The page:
Our results were surprisingly encouraging, probably because all patients had anterior or antero-lateral CECS, which are reported to present better outcomes [4, 12, 13, 15, 17, 31] compared to compartment syndromes of the posterior compartment [1, 3, 9, 10, 15, 17, 34]. Mouhsine et al.  reported the long-term results of 18 athletes with anterior and/or lateral CECS of the leg, in whom the release of the fascia had been made through two minimal incisions, without tourniquet. The fact that patients had returned to sport activities at an average of 25 days after the index procedure, and all at the pre-injury level of activity, confirms that the double incision technique allows to decompress completely the anterior and lateral compartments, without major risks . We also reported a good result, using a single incision. Our technique has some features in common with that performed by Mouhsine et al. . First of all, the release of the skin and subcutaneous tissues allows to decompress the compartments under direct control. We also have used the gloved finger to perform a blunt dissection. The single incision technique may appear to be more technically demanding, but it allows complete decompression of the compartment by advancing the scissors subcutaneously, proximally, and distally. A small skin incision could not allow to release completely the fascia, as the wound edges can hinder the blades of the scissors. For this reason, we use long scissors, cutting the fascia at a remarkably long distance from the skin incision. Moreover, the fact that the branches of the scissors have not to be widely opened, it prevents any potential damage to the overlying skin. Finally, the surgeon may appreciate the consistence and resistance of the fascia released during the procedure, having care that the tip of the scissors is open. This makes it possible to assume that the fasciotomy is complete when the resistance cannot be appreciated anymore. We encourage early mobilization and weight-bearing to prevent scarring and adhesions [9, 12, 34], even though most patients may not weight bear immediately after the operation because of the pain. Thus, we recommend patients to weight bear as they are comfortable.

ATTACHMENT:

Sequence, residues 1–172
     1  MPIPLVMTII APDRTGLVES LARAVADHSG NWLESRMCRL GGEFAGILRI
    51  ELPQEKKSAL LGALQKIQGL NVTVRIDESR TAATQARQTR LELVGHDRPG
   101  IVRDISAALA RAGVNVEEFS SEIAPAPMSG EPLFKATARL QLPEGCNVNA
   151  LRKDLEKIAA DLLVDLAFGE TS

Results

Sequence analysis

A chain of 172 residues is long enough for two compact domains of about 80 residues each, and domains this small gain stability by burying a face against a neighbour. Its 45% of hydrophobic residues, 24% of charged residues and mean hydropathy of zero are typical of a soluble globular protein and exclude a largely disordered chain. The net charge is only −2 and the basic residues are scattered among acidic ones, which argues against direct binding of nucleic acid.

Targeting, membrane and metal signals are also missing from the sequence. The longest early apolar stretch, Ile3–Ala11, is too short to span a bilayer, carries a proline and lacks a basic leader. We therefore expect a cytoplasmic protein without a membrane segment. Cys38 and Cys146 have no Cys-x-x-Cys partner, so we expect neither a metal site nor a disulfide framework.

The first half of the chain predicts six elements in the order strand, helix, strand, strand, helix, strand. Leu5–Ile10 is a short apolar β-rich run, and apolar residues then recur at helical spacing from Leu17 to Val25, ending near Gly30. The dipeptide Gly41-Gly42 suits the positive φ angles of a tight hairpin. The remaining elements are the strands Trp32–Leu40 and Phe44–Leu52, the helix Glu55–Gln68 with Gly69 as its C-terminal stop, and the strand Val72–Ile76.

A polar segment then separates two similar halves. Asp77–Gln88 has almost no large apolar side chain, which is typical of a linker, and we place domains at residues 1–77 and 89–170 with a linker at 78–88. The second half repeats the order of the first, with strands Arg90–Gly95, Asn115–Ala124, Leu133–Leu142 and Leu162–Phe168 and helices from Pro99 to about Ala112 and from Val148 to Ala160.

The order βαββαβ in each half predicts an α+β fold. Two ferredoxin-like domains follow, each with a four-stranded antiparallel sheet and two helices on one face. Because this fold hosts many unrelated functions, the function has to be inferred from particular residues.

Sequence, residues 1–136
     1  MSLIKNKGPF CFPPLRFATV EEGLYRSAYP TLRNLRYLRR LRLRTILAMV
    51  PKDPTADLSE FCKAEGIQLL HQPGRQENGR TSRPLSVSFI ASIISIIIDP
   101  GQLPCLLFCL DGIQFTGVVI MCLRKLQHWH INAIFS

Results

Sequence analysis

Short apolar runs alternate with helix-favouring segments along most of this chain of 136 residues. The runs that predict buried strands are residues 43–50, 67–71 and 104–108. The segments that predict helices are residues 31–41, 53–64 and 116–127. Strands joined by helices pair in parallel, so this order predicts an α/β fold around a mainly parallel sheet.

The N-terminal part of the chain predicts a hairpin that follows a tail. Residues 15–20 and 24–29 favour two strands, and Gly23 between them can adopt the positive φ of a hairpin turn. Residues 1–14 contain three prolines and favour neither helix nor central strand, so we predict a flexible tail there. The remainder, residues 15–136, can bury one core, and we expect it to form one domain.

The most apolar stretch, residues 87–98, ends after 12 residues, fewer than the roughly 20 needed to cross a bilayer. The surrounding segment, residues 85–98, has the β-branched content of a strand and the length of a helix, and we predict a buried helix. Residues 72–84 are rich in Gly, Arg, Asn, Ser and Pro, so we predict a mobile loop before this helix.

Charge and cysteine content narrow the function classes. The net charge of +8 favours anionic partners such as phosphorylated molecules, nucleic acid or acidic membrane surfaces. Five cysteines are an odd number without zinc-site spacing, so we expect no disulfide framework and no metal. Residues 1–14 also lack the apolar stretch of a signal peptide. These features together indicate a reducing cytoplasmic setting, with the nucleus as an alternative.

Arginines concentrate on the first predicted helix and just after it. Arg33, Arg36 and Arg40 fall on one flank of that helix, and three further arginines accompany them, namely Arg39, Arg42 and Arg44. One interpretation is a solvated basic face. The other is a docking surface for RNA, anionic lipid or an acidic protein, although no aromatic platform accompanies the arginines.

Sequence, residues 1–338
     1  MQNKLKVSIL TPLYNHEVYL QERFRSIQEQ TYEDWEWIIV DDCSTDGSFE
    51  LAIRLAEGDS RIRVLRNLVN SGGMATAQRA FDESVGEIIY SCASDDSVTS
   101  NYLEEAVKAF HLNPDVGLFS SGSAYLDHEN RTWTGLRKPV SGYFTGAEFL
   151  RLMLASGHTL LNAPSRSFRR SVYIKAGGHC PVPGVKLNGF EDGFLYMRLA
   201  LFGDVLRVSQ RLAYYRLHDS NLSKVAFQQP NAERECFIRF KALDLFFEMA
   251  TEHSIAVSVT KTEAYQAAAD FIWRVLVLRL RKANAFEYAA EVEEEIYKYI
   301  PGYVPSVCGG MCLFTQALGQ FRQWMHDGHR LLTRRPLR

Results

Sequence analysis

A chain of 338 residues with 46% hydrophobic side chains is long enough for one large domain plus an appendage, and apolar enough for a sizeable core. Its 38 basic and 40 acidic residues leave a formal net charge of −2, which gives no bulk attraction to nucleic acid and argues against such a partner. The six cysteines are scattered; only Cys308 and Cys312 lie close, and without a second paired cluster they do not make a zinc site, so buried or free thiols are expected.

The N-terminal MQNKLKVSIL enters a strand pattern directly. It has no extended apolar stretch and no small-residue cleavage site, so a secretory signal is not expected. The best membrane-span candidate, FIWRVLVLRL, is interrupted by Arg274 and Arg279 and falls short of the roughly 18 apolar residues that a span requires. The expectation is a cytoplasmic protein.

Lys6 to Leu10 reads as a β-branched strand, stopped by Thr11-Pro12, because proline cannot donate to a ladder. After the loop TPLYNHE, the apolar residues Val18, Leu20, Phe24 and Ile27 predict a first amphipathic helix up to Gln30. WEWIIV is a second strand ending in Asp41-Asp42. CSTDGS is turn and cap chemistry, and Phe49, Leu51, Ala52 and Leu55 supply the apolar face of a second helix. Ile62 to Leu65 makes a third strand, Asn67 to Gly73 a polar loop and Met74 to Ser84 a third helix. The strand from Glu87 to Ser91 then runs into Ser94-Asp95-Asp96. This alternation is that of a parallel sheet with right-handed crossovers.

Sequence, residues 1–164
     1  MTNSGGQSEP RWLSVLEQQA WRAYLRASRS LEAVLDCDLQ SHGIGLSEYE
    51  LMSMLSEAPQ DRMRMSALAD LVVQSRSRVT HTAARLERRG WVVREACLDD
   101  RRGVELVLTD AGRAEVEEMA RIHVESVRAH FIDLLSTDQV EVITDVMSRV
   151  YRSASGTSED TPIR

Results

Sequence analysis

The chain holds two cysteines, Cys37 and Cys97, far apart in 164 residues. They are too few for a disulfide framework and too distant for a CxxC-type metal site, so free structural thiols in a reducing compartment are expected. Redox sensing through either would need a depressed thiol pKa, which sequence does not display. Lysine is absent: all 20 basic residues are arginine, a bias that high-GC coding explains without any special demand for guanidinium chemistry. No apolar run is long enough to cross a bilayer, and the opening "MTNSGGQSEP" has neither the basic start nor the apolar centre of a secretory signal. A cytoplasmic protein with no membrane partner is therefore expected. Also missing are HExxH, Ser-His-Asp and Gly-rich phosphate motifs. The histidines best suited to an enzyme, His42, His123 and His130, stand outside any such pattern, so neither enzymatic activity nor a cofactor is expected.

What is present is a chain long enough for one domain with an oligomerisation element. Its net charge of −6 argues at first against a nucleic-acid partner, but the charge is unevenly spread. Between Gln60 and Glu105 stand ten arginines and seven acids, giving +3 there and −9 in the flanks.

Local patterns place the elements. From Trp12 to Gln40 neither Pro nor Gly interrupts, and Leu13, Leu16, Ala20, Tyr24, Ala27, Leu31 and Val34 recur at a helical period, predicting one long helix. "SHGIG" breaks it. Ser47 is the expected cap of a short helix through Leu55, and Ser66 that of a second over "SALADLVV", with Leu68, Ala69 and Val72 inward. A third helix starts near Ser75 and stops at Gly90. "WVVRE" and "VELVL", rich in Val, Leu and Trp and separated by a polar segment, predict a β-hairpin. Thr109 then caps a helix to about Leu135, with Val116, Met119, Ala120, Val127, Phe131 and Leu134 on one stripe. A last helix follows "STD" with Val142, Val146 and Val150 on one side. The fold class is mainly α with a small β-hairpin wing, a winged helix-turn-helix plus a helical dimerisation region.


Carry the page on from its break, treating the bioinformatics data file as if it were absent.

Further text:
In the study by Mouhsine et al. , symptoms persisted less than 7 months; in our patients, the duration of symptoms was longer, probably in relation to the fact that our unit care is a tertiary referral centre. We are aware that a prolonged duration of symptoms (>12 months) from the first occurrence is a negative prognostic factor , but this was not observed in our study.
We well acknowledge that there are many procedures to perform fasciotomy but, to the best of our knowledge, this is the first study to describe a minimally invasive fasciotomy through a single minimal incision of both anterior and lateral compartments. Strengths of the study are its prospective nature, the fact that a single fully trained surgeon performed all the operations without any surgical-associated procedure, the patients were included according to strict selection criteria, and no patient was lost to the follow-up. Moreover, an independent reviewer not involved at surgery assessed the outcomes at the follow-ups. A critical point is that the postoperative program used in the study could not be the most appropriate, but it was uniform throughout the study. In spite of this, we now point that, ideally, the rehabilitation should be standardized in all the studies.
A major limitation of the study is the lack of a control group of patients, making it impossible to prove whether this procedure is superior to the previous techniques used for management of anterior and/or lateral CECS. We are aware that our evidence is not strong as that of randomized controlled trials but, in referral to the low frequency of this injury, these latter studies would likely be too long and costly to be performed. Nevertheless, given the results, our approach should be taken into account as management of these patients. Another limitation is represented by the outcome measures used. We acknowledge that the SF-36 and EQ-5D scores are generic tools of assessment of the health status, and that a disease-specific questionnaire should be used, but no scoring systems specific for CECS have been described yet.
In conclusion, although this approach could appear technically demanding, it is safe and allows most of patients to recover completely and return to pre-injury sport levels of activity, with good overall satisfaction and physical function in the mid-term. Therefore, it may be considered as an alternative to traditional open surgery.
Consent to publish
We have obtained consent to publish from the participants.
chronic exertional compartment syndrome
European Quality of Life-5 Dimensions
return to sport
return to training
Short-Form Health Survey-36
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We confirm that we have read BioMed Central's guidance on competing interests. NM is the Editor-in-Chief for Journal of Orthopaedic Surgery and Research. The authors’ declare that they have no competing interests.
NM conceived the study, collected data, and analysed them. He wrote the first draft of the manuscript and operated on all the patients. ML helped in setting up the study, interpreted the data, and wrote the manuscript. FS collected data and analysed them. He helped to write the first draft of the manuscript. AD’A helped in setting up the study and helped in the analysis and interpretation of the data. GM helped in setting the study up and in data collection. She helped in writing the first draft of the manuscript. All authors read and approved the final manuscript.
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Maffulli, N., Loppini, M., Spiezia, F. et al. Single minimal incision fasciotomy for chronic exertional compartment syndrome of the lower leg. J Orthop Surg Res 11, 61 (2016). https://doi.org/10.1186/s13018-016-0395-9
- Compartment syndrome
- Minimal invasive